Alison Wong


NameAlison Wong (she/her)
Country of BirthAotearoa
Place of ResidenceDjilang Geelong
EthnicitiesChinese (Cantonese)
Decades Active1990s, 2000s, 2010s, 2020s


Alison Wong is a poet, novelist and creative non-fiction writer whose first novel, As the Earth Turns Silver (2009), received the Fiction Award at the 2010 New Zealand Post Book Awards — the first and only Asian writer to have won this national award since its inception in 1968.

Born in Heretaunga Hastings, raised in Ahuriri Napier, and spending most of her adult life in Pōneke Wellington and Pari-ā-Rua Porirua, Wong is a fourth-generation New Zealander. Her great-grandparents migrated from Zengcheng/Jung Seng/Jāngsìhng (增城), Guangdong/Gwóngdūng in the late nineteenth century and, in A Clear Dawn, she shares how her maternal great-grandfather, Huang Guomin/Wòhng Gwokmàhn (黃國民) was called back to China to be county magistrate, while her paternal great-grandfather, Huang Weijin/Wòhng Wàihjeun (黃維進) was murdered at his fruit shop on Adelaide Road in Wellington, on September 12, 1914. “The case was never solved,” she wrote in an essay in The Griffith Review.

In 2001 she founded and ran the monthly event Poetry Cafe in Porirua with Lindsay Forbes, which led to them receiving a Porirua City Council Civic Honour Award for their work. Wong was then awarded the Robert Burns Fellowship at the University of Otago in 2002. “I received letters of congratulation from Chinese I’d never met from all over New Zealand,” she recalls in an interview:

Before the Burns Fellowship, I felt like I didn’t quite belong in the community. I felt different and alone. Almost no other Chinese New Zealanders seemed interested in literature. But then I realised that it mattered. That the community did want their stories told. And that they identified with any success I had.

Her first collection of poetry, Cup, was published in 2006 and was shortlisted for Best First Book at the 2007 Montana New Zealand Book Awards. Writing in The Lumiere Reader, Megan Fleming describes the book as “intensely personal… there are the details of domestic moments, the wonder of a new child, the falling out of love — but she lends these subjects a humble and attentive form, drawing the reader in, to rest in the space between.” In her book Wild Honey, Paula Green describes the collection as “original, lyrical, wise — releases far more than it holds in.”

In 2009, Wong published her debut novel, As The Earth Turns Silver, a historical work set in early 1900s Wellington exploring Chinese-Pākehā relationships. The novel received the Fiction Award at the 2010 New Zealand Post Book Awards and the 2009 Janet Frame Fiction Prize, as well as being shortlisted for the 2010 Australian Prime Minister’s Literary Awards.

During the pandemic, Wong co-edited with Paula Morris A Clear Dawn: New Asian Voices from Aotearoa New Zealand (AUP, 2021) an anthology of poetry, fiction and essays by 75 early career Aotearoa Asian writers. In the introduction to this book, they write, “After all the reading, a prediction: New Zealand literature will be utterly transformed over the next twenty years by the burgeoning talent and accomplishment of our Asian writers.”

Wong has a Bachelor of Science in Mathematics from Victoria University of Wellington and studied and worked in China during the 1980s and '90s. In 2010 she moved to Geelong, Australia, where she is still based.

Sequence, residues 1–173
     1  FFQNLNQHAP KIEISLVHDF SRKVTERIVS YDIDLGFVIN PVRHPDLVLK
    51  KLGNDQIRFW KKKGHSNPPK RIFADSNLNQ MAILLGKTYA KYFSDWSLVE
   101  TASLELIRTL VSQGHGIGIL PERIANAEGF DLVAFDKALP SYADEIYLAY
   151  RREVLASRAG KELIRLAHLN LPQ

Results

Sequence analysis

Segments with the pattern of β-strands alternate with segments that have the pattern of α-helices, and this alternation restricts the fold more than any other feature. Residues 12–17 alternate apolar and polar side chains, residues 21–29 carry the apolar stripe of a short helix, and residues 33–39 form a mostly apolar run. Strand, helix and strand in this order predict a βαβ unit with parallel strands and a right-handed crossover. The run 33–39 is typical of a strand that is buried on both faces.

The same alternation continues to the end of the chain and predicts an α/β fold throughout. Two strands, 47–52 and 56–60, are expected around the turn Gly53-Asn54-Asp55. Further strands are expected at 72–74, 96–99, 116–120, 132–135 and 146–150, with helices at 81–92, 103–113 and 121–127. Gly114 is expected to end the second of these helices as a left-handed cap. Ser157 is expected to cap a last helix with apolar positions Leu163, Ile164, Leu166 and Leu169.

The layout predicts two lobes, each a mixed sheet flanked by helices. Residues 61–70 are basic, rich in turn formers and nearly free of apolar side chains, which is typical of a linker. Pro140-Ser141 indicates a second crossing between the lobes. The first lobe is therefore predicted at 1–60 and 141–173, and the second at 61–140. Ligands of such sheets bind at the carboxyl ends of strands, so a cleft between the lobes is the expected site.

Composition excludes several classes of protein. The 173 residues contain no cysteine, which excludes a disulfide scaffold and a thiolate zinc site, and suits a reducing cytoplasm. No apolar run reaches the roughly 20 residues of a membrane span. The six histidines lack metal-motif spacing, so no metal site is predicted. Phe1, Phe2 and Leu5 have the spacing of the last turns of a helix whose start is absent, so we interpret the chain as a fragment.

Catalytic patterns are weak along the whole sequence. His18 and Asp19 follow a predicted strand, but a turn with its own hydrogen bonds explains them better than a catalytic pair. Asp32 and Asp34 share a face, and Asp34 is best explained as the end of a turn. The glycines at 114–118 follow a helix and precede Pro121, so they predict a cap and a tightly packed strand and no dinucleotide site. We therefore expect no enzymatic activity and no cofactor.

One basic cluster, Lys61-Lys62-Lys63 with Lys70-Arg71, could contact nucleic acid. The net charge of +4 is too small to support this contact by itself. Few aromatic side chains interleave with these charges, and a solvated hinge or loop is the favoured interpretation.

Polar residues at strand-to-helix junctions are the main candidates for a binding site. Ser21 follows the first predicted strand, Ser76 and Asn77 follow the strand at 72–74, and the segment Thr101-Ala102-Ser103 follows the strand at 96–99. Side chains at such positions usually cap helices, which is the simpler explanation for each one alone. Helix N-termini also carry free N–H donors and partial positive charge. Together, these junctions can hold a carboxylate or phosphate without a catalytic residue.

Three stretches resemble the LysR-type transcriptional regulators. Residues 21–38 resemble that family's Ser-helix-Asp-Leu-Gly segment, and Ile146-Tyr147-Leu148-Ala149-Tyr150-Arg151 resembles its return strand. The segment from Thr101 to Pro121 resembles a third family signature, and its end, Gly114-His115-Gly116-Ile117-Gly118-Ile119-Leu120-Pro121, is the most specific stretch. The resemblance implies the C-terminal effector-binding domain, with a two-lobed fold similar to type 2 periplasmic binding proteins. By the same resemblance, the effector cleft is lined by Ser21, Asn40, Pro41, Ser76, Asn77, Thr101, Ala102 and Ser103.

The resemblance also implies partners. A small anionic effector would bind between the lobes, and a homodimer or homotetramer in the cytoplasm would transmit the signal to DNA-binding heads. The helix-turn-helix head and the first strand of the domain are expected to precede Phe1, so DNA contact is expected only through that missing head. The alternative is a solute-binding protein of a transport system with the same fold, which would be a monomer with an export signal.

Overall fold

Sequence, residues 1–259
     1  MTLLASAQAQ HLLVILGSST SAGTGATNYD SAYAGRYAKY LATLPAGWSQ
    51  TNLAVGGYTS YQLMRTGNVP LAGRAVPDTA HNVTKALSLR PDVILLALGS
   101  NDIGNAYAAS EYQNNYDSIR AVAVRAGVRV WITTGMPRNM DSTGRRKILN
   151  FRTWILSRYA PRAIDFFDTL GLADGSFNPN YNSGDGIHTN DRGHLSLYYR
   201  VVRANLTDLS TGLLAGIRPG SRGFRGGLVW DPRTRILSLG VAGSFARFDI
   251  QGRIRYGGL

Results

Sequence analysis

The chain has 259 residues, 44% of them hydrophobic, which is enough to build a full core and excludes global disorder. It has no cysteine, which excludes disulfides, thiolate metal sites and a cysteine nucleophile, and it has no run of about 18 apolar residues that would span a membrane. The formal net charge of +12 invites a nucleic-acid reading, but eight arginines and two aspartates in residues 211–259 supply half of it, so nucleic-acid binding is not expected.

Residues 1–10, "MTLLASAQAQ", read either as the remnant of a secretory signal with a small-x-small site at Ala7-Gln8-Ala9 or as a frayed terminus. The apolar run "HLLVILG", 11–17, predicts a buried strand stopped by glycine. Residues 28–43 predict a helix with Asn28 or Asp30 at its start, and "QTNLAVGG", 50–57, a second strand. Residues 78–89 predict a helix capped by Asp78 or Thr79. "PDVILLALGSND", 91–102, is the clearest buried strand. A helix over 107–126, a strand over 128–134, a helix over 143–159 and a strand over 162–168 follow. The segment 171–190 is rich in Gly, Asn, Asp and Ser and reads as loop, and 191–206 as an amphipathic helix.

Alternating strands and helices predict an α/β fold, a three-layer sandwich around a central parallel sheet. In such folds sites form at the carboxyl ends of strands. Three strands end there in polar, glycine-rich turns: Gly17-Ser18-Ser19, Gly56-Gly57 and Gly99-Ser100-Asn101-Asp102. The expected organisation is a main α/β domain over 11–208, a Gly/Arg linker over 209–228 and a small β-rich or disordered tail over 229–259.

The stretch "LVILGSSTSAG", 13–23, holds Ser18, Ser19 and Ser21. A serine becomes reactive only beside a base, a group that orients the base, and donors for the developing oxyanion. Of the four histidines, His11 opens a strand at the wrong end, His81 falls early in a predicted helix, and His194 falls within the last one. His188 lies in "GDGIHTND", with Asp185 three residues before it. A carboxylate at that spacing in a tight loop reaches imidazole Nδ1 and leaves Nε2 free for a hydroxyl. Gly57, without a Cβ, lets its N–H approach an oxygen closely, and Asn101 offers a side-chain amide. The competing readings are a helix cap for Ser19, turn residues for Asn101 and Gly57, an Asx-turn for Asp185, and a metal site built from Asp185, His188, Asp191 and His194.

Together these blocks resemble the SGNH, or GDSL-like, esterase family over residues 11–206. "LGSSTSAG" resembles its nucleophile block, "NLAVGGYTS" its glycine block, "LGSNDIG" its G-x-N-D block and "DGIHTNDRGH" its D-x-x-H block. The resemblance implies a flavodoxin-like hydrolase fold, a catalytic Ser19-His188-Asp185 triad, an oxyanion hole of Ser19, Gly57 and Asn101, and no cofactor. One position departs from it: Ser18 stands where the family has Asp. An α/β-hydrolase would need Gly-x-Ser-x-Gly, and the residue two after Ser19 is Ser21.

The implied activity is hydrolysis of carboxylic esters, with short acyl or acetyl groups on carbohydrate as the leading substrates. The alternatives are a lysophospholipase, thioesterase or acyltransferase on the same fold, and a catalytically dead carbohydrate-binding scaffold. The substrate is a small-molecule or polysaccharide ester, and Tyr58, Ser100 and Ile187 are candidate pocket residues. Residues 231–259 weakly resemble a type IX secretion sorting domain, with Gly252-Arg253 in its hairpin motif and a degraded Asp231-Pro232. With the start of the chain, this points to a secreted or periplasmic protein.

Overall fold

Key works / presentations

2009 — As the Earth Turns Silver
2006 — Cup

As co-editor:

2022 — A Clear Dawn

Key awards

2022 — State Library of Victoria Marion Orme Page Regional Fellowship

2016 — Sun Yat Sen University International Writers’ Residency

2014 — Shanghai International Writers’ Program

2010 — New Zealand Post Book Awards: Fiction Award Winner (As The Earth Turns Silver)

2009 — Janet Frame Fiction Prize

2002 — Robert Burns Fellowship at The University of Otago

2001 — Porirua City Council Civic Honour Award (for co-founding and running Poetry Cafe)

1996 — New Zealand Founders’ Society Research Award

1996 — Reader’s Digest-New Zealand Society of Authors Fellowship at the Stout Research Centre

1983–1985 — New Zealand-China Student Exchange Scholarship at Xiamen University

Related entries

Last updated: 8 March 2024 Suggest an Edit


Hand-drawn map

Layout of Alison Wong's family's old fruit and vege shops / dwellings (hand-drawn by her mother, Doris Wong nee Hing) with added annotations by Alison, used as background reference for As the Earth Turns Silver, date unknown

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A woman wearing a burgundy knit reading from her book in front of a microphone in a bookshop

Book launch for As the Earth Turns Silver, 2009

A woman wearing a burgundy knit signing books at a wooden table

Book launch for As the Earth Turns Silver, 2009

Two women with pink tops laughing with one another

Alison Wong and Fiona Kidman at the book launch for As the Earth Turns Silver, 2009

Reward notice offering a £100 reward

Reward notice for information for the murder of Wong Way Ching, Alison Wong's great-grandfather, 1914

Newspaper clipping

Review of As the Earth Turns Silver in The Irish Times, Sat Nov 20, 2010

Newspaper clipping

Feature on As the Earth Turns Silver in The Dominion Post, Sat July 4, 2009

Handwritten notes

Research notes for As the Earth Turns Silver, 2002

Handwritten notes

Notes for As the Earth Turns Silver, date unknown

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A woman in a crinkled top and a red name tag stands in front of a pull-up banner that says 'New Zealand Post Book Awards"

Alison Wong at the NZ Post Book Awards, 2010